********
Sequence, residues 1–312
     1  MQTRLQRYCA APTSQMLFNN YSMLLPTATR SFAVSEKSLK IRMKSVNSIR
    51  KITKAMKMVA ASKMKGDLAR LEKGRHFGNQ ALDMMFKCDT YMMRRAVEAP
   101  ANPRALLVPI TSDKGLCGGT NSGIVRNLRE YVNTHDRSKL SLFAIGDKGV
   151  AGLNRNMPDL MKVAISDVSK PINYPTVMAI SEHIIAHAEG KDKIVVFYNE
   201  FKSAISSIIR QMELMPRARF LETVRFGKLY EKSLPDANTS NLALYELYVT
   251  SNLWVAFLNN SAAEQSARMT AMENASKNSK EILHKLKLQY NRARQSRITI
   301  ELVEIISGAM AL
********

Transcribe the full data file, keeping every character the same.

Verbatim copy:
Sequence, residues 1–312
     1  MQTRLQRYCA APTSQMLFNN YSMLLPTATR SFAVSEKSLK IRMKSVNSIR
    51  KITKAMKMVA ASKMKGDLAR LEKGRHFGNQ ALDMMFKCDT YMMRRAVEAP
   101  ANPRALLVPI TSDKGLCGGT NSGIVRNLRE YVNTHDRSKL SLFAIGDKGV
   151  AGLNRNMPDL MKVAISDVSK PINYPTVMAI SEHIIAHAEG KDKIVVFYNE
   201  FKSAISSIIR QMELMPRARF LETVRFGKLY EKSLPDANTS NLALYELYVT
   251  SNLWVAFLNN SAAEQSARMT AMENASKNSK EILHKLKLQY NRARQSRITI
   301  ELVEIISGAM AL